I would like to downgrade my kernel, if it were possible graphically exactly how the upgrade is done.
I have tried a dozen or so times to enter from advanced options, but the only thing I can do is to enter the system (it happens rarely) accessing the boot from disk etc etc, or most of the time I find myself in the grub rescue, without being able to ask for help or commands because the “terminal” of the grub does not give indications on how to boot an encrypted hard-disk.
Is it possible to change kernels graphically? The kernel I want to use is already installed and is an lts.
Yes in fact I have pressed a dozen times esc which is the key that concerns my computer.
The problem is that: Either the grub rescue starts because it’s as if I prevented the encrypted disk from decrypting itself (it doesn’t let me put the password until I turn off the pc manually) or alternatively it enters other options of the system, from which I can see system information, it seems to me bios, and things like that, you already understand which part I’m talking about.
So there are only chances, without pressing esc and the other two pressing it.
The first one: I enter the password and activate the system,
The second: I press esc and the ability to decrypt the system is blocked by having to force the shutdown,
The third: when the moon aligns to orion, and the sun is in a dominant position with respect to the zenith (every 2974,2 years) the other section of the coputer is activated where you can access the bios and stuff like that.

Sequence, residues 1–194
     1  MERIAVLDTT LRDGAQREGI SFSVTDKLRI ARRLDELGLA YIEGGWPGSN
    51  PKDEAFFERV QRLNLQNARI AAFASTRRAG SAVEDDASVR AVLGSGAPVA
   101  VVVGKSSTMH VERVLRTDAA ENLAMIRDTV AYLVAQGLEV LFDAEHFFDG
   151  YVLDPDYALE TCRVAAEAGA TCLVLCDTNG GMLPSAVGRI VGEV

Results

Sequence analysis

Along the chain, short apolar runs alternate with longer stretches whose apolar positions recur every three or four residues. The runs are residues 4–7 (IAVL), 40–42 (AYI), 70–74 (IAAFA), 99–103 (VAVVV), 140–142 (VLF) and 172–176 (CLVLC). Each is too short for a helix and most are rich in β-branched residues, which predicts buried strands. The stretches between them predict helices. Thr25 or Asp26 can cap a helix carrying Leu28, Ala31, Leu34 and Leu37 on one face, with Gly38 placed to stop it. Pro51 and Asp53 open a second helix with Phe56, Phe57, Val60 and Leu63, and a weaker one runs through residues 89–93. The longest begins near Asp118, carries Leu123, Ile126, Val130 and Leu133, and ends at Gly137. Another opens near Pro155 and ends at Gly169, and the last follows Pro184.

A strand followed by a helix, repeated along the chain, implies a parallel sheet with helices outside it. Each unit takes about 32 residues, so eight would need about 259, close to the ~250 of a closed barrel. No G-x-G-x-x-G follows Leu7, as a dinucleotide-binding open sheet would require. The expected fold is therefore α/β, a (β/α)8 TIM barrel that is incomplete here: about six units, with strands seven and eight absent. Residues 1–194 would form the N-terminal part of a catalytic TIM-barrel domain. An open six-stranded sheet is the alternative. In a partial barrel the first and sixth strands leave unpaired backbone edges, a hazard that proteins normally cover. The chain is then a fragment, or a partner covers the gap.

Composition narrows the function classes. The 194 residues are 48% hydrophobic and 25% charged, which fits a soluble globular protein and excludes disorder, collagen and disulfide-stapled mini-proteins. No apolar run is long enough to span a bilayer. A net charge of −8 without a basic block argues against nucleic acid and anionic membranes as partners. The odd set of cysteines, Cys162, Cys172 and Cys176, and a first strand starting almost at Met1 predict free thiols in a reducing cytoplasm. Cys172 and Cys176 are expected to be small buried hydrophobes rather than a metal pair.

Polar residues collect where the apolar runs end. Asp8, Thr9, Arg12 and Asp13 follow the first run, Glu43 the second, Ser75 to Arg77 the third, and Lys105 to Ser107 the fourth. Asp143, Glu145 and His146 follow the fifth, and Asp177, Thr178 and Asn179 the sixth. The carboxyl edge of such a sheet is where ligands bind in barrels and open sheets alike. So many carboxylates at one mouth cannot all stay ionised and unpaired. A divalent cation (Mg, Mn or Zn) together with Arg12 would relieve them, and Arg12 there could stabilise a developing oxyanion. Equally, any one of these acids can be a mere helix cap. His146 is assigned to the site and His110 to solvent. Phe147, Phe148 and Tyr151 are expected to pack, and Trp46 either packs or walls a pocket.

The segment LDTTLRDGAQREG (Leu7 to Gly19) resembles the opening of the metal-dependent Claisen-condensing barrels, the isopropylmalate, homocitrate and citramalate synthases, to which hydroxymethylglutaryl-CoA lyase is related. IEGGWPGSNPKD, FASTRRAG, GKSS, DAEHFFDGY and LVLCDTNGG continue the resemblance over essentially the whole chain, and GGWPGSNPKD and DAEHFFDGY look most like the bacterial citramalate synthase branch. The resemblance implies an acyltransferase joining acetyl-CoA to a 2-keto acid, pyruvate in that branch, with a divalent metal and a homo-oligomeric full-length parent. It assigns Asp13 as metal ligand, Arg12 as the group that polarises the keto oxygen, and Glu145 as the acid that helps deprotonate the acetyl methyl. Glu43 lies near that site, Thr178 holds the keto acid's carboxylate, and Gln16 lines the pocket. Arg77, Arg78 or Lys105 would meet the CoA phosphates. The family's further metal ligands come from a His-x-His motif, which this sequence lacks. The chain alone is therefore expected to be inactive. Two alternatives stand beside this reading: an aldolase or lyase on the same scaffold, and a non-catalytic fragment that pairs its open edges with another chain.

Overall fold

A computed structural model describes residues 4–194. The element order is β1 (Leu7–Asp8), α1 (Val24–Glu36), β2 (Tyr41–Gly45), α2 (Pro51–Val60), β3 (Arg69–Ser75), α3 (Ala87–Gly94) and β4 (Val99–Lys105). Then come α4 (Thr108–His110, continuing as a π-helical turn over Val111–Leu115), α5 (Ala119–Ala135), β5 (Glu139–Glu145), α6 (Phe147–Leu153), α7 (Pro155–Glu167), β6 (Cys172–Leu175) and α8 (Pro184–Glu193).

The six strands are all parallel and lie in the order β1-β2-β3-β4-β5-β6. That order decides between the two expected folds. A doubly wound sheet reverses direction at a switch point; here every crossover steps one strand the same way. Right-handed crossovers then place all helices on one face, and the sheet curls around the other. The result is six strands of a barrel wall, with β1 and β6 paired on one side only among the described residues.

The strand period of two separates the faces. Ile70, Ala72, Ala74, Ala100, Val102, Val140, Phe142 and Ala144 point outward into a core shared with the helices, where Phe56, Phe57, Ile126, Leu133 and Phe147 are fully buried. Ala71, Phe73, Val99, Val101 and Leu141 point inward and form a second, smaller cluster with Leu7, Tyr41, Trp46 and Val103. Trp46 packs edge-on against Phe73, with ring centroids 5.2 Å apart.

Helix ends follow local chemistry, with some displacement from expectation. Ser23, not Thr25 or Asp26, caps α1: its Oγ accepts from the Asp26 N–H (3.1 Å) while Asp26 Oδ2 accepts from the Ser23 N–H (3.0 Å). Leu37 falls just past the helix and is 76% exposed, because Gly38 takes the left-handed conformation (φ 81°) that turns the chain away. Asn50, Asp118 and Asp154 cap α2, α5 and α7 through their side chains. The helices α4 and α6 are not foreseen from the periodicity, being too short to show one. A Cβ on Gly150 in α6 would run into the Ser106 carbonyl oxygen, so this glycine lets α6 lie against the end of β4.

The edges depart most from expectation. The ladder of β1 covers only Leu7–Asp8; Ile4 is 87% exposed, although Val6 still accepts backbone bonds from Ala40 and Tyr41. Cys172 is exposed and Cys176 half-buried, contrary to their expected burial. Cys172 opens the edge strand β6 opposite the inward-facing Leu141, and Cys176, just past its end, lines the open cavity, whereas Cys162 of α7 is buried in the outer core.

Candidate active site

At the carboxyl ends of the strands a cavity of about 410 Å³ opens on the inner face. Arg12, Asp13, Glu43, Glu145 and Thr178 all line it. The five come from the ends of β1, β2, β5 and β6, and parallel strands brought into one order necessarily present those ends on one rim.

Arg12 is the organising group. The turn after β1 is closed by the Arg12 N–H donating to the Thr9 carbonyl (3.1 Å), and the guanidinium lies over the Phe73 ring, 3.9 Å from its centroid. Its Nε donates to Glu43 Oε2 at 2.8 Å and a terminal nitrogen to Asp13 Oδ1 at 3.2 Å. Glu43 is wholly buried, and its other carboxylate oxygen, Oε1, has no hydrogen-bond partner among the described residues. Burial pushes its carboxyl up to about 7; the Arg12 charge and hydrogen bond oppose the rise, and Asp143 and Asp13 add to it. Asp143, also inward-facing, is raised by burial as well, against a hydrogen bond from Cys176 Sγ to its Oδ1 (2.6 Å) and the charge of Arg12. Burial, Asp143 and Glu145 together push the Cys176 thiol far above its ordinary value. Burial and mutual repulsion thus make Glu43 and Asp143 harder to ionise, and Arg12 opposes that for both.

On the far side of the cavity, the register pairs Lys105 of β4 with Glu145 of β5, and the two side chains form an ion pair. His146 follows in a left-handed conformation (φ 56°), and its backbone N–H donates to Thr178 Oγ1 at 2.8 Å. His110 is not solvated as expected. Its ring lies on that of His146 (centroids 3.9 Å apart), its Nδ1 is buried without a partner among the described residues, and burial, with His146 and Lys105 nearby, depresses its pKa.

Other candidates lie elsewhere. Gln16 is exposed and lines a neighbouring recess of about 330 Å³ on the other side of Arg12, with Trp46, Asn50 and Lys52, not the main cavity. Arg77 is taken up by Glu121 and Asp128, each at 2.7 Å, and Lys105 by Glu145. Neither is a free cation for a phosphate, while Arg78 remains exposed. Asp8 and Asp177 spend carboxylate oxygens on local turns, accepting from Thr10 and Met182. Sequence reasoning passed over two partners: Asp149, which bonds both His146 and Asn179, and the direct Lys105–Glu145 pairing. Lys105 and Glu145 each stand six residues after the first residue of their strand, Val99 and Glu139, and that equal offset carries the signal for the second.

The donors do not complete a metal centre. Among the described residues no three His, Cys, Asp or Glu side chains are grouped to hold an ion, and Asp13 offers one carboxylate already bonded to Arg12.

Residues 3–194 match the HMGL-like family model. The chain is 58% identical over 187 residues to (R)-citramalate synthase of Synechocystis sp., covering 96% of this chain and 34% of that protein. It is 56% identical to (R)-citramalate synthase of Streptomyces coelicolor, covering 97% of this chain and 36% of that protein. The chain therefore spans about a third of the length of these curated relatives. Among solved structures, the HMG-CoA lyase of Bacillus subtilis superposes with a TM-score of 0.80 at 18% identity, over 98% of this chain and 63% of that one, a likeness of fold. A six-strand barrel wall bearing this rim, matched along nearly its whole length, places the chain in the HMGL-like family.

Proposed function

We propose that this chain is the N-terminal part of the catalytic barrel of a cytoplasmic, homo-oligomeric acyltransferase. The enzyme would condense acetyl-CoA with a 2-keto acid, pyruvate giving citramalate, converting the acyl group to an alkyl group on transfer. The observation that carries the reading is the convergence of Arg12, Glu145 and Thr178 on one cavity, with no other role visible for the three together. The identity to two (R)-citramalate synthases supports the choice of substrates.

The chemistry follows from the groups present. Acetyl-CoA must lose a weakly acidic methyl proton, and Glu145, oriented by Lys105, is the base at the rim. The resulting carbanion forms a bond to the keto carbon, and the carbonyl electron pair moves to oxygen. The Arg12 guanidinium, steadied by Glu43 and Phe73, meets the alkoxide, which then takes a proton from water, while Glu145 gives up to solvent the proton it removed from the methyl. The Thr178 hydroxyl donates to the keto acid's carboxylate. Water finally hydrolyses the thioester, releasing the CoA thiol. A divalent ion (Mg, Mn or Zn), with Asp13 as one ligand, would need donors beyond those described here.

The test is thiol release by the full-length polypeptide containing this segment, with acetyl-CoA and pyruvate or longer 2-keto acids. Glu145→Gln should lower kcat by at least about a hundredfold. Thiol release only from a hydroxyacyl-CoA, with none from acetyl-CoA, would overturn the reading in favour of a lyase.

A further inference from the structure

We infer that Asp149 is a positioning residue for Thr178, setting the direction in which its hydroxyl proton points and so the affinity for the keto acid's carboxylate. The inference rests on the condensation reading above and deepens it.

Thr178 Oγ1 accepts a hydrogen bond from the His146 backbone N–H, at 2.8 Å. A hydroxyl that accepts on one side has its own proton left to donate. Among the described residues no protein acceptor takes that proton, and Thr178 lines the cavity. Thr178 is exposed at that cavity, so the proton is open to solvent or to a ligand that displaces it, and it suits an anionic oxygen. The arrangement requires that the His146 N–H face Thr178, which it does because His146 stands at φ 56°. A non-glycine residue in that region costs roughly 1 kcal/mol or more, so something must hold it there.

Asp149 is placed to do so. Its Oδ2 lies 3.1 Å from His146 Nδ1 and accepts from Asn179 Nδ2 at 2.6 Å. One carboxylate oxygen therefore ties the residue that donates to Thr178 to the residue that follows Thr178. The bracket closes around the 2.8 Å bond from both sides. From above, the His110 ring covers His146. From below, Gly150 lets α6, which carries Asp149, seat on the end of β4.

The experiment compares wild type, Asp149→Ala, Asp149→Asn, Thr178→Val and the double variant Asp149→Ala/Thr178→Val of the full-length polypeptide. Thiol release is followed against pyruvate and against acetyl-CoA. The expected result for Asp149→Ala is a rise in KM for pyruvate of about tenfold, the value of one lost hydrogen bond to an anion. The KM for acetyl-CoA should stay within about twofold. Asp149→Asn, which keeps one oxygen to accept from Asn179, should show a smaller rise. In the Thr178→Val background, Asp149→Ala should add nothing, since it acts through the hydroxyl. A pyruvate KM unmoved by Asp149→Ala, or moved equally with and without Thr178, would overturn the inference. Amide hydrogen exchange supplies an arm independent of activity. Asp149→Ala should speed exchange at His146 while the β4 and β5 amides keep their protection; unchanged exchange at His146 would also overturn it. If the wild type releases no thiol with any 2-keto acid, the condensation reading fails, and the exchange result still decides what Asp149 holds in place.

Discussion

But the grub does not start, or rather the “graphical” grub I remember that in other systems it starts automatically allowing you to choose which kernel to use.
Installing a Kernel here on Manajaro is very easy, especially when downgraded much less.
I hope I was clearer and more detailed.
Agree about convenience. For small things convenience should in the highest priority.
A new kernel sometimes got problems depends on hardware, e.g. unable to wakeup from suspension.
Switching kernel freely is useful so that one can use an old kernel for daily usage and try to fix problems with the new kernel. Edit grub config is not much less convenient.
Thanks to both of them, however I think it is a little more complex. If I repeatedly press the esc key to enter the grub, without waiting for the message that lasts a microsecond, instead of entering the grub, it locks me to the rescue grub without allowing me to decrypt the system.